In 1996 – more than a quarter of a century ago – French director Olivier Assayas came to the Cannes Film Festival with Irma Vep, a cerebral puzzle-play about early vampire movies. As he says now, it changed his life.
Irma Vep is a film about cinema in which a director, played by New Wave legend Jean-Pierre Leaud, attempts to make a new version of a 1915 silent film by Louis Feuillade titled The vampires. Feuillade’s title vampires are jewel thieves; the anagrammatic Irma Vep is a feisty villainess in a rather splendid black catsuit. In the 1996 film version of Assayas, she is played by Hong Kong actress Maggie Cheung.
Irma Vep changed Assayas’ life in two ways. First, his critical success places him in the forefront of French authors. Second, he married Maggie Cheung. They divorced five years later but, as he says, Irma Vep never left him. Now he’s added another layer to the story: an eight-part series in which a comedic neurotic director, portrayed by Vincent Macaigne as a sly, neurotic caricature of Assayas himself, makes a new film based on both on Feuillade’s original adventure and his own. earlier version of the story.
I met Olivier Assayas at the last Cannes Film Festival, where he presented several episodes of the new series. We sit on deckchairs on the edge of the lapping of the Mediterranean, a Cannes cliché which, in reality, is rarely encountered. So why did he do it? “When I was writing the original Irma Vep, which I wrote very quickly and more like a stream of consciousness than anything, I was writing a fantastic character,” he says. “Two years later I was married to this fantastic character. And a few years later he was gone. I thought there was something for an interesting movie there.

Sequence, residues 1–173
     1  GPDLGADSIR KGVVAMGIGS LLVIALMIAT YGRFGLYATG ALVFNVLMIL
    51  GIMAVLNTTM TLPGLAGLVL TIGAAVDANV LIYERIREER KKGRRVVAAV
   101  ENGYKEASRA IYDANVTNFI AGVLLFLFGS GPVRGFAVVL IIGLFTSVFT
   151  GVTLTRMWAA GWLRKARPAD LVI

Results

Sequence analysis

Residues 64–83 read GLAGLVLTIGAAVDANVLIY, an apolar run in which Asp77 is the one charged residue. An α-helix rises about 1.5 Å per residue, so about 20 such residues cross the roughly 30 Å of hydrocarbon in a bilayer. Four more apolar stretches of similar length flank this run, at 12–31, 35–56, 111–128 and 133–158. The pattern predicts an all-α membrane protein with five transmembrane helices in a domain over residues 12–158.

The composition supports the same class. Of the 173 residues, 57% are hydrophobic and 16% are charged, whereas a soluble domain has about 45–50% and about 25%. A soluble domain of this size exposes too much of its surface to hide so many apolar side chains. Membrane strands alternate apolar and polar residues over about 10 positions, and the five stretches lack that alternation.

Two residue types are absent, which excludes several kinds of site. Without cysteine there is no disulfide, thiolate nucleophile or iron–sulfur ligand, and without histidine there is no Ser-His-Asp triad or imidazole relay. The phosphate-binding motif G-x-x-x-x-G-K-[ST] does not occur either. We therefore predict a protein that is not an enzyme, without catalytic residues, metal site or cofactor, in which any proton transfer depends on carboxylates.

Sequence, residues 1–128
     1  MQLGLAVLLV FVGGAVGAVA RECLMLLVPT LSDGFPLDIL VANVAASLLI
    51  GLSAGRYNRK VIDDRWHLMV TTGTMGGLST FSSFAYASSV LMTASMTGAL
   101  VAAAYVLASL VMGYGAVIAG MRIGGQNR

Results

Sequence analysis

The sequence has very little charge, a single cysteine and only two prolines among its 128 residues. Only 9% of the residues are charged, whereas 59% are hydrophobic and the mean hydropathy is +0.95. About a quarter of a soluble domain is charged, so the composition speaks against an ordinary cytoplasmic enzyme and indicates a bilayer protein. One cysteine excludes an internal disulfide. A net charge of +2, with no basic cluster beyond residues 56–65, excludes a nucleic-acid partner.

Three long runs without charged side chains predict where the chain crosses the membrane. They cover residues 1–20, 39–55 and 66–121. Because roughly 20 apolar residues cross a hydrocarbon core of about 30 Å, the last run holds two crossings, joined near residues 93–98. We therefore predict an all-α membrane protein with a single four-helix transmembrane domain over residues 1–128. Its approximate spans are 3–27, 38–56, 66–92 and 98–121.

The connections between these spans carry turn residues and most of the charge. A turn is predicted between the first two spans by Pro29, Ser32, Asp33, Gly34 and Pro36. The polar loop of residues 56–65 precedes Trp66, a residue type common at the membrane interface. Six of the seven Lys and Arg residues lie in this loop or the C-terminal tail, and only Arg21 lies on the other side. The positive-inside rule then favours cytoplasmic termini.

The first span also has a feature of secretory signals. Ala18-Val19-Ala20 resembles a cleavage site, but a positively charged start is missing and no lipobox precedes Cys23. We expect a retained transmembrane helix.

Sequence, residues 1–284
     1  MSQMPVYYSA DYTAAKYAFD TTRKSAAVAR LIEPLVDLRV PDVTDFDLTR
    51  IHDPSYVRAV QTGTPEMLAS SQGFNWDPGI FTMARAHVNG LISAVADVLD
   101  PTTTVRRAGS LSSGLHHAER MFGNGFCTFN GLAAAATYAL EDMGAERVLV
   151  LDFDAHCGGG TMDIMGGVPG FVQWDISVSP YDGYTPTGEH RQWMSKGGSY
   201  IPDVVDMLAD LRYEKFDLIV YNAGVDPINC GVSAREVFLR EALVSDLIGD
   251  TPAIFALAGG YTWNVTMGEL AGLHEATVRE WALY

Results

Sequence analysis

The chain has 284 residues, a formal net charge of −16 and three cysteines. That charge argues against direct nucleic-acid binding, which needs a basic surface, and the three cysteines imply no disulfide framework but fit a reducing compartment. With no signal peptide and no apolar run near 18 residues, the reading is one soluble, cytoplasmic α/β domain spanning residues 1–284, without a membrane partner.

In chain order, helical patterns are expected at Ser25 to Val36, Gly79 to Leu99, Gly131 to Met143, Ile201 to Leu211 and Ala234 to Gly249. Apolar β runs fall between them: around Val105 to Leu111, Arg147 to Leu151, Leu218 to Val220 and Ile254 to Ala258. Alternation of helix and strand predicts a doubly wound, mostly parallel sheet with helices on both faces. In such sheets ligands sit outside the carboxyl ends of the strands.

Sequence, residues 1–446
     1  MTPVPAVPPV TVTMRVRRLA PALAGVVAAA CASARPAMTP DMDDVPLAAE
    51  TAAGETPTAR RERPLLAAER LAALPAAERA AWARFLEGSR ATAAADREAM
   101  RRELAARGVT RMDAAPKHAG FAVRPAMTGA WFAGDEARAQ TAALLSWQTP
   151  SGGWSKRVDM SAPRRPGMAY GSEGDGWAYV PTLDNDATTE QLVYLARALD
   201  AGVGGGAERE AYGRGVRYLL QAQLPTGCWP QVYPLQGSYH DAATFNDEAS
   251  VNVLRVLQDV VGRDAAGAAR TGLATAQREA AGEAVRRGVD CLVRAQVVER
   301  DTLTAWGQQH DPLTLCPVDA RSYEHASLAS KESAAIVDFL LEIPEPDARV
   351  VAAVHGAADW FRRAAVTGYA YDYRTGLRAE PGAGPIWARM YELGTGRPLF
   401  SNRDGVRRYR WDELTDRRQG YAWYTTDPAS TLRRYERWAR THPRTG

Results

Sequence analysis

The new series, mixing fiction and its own history, is therefore less a story than a hall of mirrors. Among a cast of new or revamped characters, it’s peppered with clips from the old silent film as well as references to Cheung, their marriage, and his own pain at their separation. She even appears as a kind of ghost, played by another Chinese actress (Fala Chen). “I felt like I couldn’t honestly handle Irma Vep or use it in a new story if I erased that part of it,” says Assayas. “All of a sudden, I was drawn into the very story I had imagined. But I’ve always been fascinated by how you can mix imagination and reality in art.
At the center of her reimagining is a character called Mira, played by Alicia Vikander. While Maggie Cheung played a version of herself, an unknown Hong Kong actress on the high seas in the French film industry, Mira is a Hollywood star who chafes at fame and the demands of her captivating LA agent. . “Maggie was really a fish out of water character,” says Assayas. “When I started writing the new version, I knew the conversation between the director and the actress would be a much bigger part of the story – and Mira’s character would be a lot more creative and involved.”
Vikander says Assayas included little hints about her own real life, but in a way only she would recognize. She doesn’t share Mira’s annoyances with her job or her life, but she acknowledges them. “I think you sometimes feel lonely. Maybe that’s something I worked against from the start, because for me it was always very important to have one foot in a very secure private sphere,” she says.
“But if you really love your job and it’s really your priority, in this industry you will move from one job to another, you will change countries, you will change a whole constellation of people that you see and with whom you hang in there – and I guess the roots will start to fade if you don’t hold on to them. I think she’s both in that age and in that slice of her career where she asks, “Who am I now?” When am I myself?”